Jen, how would you describe the Exhibition Awesome project and your role within it, as you see it?
Exhibition Awesome was created as part of NYCI’s Artist in Youth Work Residency scheme during 2013. I was resident artist with Galway Autism Partnership which gave me the opportunity to work with young people on the autistic spectrum, to explore their special interests and to develop their artistic skills working through digital media. The project culminated in an exhibition of work which was exhibited in several local Galway venues including The Galway Art Centre, The Shed, The Westside Library and NUIG Quadrangle Gallery.
At the beginning of the residency I initially just observed Galway Autism Partnership’s youth work practice; taking time to just be in the setting enabled me to become more aware of the young people’s needs. As I observed, I began to realise that I had to tailor the programme specifically to the needs of each individual young person within the group. I had the idea that technology would be a common interest for participants, so that was my starting point.
At GAP we tried to involve each individual in the planned youth arts project through their own special interest- eg. video editing, design etc. while the common theme was digital media. We felt that because creative practice is now such a part of many people’s everyday lives via the programmes available on devices such as smart phones and tablets, it was a good starting point.
In fact the word ‘Art’ wasn’t even mentioned until a positive relationship had been established between the participants and the artist. For me the most important part was building friendships and creating a safe positive atmosphere for the young people. Once the groundwork had been laid we could then engage in a process of collective responsibility for the work and process that was taking place.
You’ve had a two year period of working with Galway Autism Partnership. Can you describe how you feel your practice has evolved over this time?
As my practice develops, I am increasingly aware that tolerance and acceptance is so important in this work and definitely the more engagement that I have with participants the more I learn. I am also more inclined to listen and engage the young people in more individual conversations first rather than have what might be described as a ‘classroom’ atmosphere.
I’ve also learnt in my work with GAP that it’s extremely important to check in with parents as the creative process is developing with young people as they can give you valuable feedback along the way. When meeting the parents, I wanted the presentation that I gave to be creative so that they would have a sense of, the type of work that their children might be engaging with. I made a giant book and presented a visual plan to them. It went really well, I think it both reassured them about the process and made them really excited that this was an opportunity that their children could engage with.
Are there any methodologies that you use or questions that you might ask yourself that you feel assist you in developing your practice?
For me documenting and creating a video production for projects is core for reflection and development of both the programmes that I am working on and my own professional practice. No matter what art form I am using during the workshop, I will always have some video production activity happening in the background. This also allows for another point of engagement in case a young person doesn’t feel comfortable with partaking in a visual art or musical activity. There is always a way that every participant can be included and feel welcome.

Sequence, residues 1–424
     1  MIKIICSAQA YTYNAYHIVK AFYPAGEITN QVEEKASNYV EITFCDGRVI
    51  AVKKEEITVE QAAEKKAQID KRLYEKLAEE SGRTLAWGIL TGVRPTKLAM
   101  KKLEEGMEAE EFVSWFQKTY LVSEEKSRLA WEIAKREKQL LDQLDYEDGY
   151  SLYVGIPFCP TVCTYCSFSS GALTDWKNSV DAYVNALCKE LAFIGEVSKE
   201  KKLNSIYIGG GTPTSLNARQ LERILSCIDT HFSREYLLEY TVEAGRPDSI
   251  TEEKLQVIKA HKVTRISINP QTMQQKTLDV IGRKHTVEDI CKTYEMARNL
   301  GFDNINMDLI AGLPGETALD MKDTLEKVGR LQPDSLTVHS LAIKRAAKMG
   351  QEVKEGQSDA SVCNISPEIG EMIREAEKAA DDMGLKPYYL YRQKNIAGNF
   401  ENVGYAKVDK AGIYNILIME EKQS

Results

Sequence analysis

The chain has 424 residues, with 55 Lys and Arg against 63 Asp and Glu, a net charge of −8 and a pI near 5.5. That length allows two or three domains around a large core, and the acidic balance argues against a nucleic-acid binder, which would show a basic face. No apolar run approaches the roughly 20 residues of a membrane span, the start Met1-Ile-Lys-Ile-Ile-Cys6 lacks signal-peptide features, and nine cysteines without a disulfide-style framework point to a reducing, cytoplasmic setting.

Also I create workshop plans, evaluations, logic models; writing them up and keeping them safe is hugely important for me. This means they can be utilised and adapted into the future.
It’s clear that the Exhibition Awesome project went really well, but there must have been some challenges along the way. Can you describe them?
Within the process I had to micro-manage a number of different arts projects because I was responding to the particular needs of the group of young people I was working with in GAP. As each participant had an individual plan devised for them, it could be challenging at times just ensuring that the programme was meeting the needs of each participant.
Also it can be challenging when communicating with parents, funders and organisations to explain that substantial outcomes can take time. So much of this work is about building friendships and creating a positive atmosphere that it’s usually only in the final phase of the process that actual making takes place. Sometimes it is helpful to realise that the process can be the outcome when the art forms are utilised as tools for engagement. Using art forms such as video production and photography as an intrinsic part of the project can really help to paint this picture for those on the outside, not to mention functioning as a tool for reflection for those who were inside the arts process.
Content and views expressed by our guest bloggers in residence does not necessarily reflect the views of NYCI.
Next week in her fourth and final bog Jen will discuss the potential benefits for youth work organisations in making links with the wider creative community.